Equipment monitoring, as well as some process monitoring, has entered a new era, with wireless allowing monitoring sensors in many places where they couldn’t go before due to location or cost, which can improve troubleshooting capability. Emerson and ABB are a couple of the available suppliers of these new wireless condition monitors, which can provide additional information that allows detection and, in some cases, prediction of potential problems to help maintenance plan its actions.

Eliminate bad actors

Instrument loop “bad actors” devour instrument shop resources. They’re the loops that require repeated maintenance actions or instruments whose failure causes a large expenditure of maintenance resources (e.g. a maintenance hog). They’re typically the result of a poor design or misapplication. Once identified, if the instrument technicians can’t resolve the issue in a reasonable amount of time, the instrument shop should enlist the help of a competent plant instrument engineer to resolve the issue.

The key here is to have good relations with the instrument engineering group so each group can contribute their best skills and knowledge to solving the problem. Besides repeat offenders, another good place to look for bad actors is in the control room. Look at how many loops are in manual (and why); how many alarms are defeated, disabled or manually bypassed; and if any interlocks or safety systems are regularly bypassed during operations. Ask the operators what problems they’re having with the instrumentation.

Unfortunately, the work order system generates work only when someone requests it, and requests are typically to solve an immediate problem. The result is a very narrow view of instrument maintenance, and typically the minimum amount of work is expended to clear the work order. Above-average performance can’t be achieved, and certainly not best-in class-performance, if only the minimum amount of work is expended on a consistent basis. One solution is for an experienced I&E improvement engineer to be assigned to the plant, dedicated to improving the instrument and electrical systems and to helping solve longstanding instrumentation and electrical problems. I have seen the best technicians assigned this duty successfully (with some help from Engineering).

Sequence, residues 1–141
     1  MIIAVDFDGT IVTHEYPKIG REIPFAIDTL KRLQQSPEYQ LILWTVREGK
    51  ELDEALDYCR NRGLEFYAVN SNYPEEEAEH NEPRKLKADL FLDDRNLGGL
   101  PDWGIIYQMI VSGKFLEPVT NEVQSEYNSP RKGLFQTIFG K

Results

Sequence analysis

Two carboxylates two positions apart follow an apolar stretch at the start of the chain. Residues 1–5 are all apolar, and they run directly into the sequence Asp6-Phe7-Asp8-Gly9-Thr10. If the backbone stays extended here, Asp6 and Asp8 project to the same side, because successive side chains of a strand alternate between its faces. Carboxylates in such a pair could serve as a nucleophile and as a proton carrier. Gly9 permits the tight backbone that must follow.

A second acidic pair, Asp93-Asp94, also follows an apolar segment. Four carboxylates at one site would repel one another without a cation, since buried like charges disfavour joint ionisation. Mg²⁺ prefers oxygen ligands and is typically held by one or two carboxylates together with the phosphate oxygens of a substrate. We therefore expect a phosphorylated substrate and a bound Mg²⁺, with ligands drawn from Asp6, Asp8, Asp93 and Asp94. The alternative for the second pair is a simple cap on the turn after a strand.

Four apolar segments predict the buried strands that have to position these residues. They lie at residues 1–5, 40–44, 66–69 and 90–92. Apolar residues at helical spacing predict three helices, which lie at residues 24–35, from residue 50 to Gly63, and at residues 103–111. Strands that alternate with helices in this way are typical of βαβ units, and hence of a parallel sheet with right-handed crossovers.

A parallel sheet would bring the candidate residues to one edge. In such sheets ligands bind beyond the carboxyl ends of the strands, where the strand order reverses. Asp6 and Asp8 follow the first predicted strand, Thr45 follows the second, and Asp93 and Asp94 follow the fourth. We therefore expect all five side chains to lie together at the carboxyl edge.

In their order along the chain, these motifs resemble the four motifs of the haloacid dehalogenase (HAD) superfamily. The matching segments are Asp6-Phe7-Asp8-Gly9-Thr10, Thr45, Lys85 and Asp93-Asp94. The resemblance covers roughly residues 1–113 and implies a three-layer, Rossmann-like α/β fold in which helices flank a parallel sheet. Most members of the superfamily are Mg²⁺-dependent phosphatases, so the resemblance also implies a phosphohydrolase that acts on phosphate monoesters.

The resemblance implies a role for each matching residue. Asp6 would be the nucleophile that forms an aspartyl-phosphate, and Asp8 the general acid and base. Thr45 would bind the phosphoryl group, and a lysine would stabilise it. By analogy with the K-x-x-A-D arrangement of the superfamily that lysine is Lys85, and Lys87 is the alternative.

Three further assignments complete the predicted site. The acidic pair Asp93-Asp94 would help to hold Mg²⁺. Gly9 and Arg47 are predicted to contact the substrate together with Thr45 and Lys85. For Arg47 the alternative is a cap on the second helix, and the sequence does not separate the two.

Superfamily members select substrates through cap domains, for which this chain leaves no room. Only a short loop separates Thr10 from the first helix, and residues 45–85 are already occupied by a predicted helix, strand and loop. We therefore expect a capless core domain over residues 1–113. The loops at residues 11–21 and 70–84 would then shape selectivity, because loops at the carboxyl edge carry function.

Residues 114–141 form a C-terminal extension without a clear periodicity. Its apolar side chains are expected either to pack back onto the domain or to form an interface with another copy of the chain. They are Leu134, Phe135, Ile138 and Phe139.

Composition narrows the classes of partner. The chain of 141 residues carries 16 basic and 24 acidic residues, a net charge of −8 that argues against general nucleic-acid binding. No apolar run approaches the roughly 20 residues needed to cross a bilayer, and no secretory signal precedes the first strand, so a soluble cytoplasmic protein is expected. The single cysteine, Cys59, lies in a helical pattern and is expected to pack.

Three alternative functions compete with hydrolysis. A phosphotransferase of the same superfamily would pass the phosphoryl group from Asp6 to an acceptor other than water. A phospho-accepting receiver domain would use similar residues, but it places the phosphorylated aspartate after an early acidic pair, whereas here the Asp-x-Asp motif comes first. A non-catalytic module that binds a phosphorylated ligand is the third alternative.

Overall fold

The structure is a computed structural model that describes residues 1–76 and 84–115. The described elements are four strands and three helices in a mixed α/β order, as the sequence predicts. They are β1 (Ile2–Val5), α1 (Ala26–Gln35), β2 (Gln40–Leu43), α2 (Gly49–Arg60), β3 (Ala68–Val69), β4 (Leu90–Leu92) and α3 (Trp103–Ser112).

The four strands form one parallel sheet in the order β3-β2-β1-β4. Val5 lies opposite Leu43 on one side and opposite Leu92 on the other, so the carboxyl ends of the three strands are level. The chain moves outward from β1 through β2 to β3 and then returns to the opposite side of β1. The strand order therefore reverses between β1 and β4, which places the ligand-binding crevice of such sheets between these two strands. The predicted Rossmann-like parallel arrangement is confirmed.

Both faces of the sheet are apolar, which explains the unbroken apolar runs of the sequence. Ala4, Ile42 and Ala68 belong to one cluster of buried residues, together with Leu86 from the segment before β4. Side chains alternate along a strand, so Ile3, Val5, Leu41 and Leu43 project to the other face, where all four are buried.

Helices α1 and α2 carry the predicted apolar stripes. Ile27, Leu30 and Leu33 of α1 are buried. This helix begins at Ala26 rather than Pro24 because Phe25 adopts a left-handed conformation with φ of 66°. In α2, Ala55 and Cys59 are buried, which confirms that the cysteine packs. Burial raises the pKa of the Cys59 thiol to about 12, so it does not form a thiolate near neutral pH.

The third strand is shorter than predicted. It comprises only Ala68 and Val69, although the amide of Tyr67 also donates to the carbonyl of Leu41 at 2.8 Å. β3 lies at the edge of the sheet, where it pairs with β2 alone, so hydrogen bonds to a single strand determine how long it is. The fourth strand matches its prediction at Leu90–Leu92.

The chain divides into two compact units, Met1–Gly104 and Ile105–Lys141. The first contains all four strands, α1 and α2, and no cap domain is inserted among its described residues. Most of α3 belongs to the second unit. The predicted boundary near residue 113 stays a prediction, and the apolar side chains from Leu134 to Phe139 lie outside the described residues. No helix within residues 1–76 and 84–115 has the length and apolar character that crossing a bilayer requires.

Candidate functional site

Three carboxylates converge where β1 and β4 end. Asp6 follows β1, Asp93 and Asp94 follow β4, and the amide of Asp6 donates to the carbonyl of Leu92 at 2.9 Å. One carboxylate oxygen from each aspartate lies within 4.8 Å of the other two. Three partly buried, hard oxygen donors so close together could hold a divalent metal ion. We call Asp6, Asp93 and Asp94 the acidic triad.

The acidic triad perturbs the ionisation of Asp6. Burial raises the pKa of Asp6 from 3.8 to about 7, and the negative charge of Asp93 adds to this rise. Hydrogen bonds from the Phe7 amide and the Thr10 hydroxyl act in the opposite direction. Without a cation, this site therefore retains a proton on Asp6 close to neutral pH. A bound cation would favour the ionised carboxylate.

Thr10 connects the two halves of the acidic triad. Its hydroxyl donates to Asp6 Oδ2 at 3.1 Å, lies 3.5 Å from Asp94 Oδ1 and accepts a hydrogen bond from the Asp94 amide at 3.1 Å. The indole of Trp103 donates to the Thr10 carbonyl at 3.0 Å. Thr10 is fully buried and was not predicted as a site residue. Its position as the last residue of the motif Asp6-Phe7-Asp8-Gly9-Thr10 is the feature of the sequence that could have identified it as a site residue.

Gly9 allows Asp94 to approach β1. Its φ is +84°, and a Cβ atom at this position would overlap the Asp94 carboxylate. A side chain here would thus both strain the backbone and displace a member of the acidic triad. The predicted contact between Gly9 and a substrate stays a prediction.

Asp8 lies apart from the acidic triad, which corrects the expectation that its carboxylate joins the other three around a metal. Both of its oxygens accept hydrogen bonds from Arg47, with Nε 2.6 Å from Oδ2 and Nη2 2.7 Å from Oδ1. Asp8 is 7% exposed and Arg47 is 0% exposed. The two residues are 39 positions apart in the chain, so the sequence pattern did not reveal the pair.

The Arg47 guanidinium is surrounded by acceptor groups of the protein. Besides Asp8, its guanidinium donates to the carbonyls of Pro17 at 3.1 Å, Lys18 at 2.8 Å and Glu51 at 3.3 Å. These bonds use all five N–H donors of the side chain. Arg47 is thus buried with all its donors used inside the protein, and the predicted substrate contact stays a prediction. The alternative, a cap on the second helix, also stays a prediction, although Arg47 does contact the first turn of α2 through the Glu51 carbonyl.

Out-of-service instruments, on the other hand, typically represent bad actors that the instrument shop or operations have given up on, or whose maintenance is not considered a priority. They can also represent a lack of resources (time, money, personnel availability, expertise, etc.). One of the most terrible accidents in recent times, the 2005 BP Texas City explosion, had contributing factors including instruments on the Raffinate Splitter tower being out of service (level gauges), instruments not working (high level alarms), level transmitters not properly calibrated, and instruments not fully tested prior to startup. The BP instrument technicians described the unit instrumentation as being rundown and in disrepair. That was an accident waiting to happen, and it did.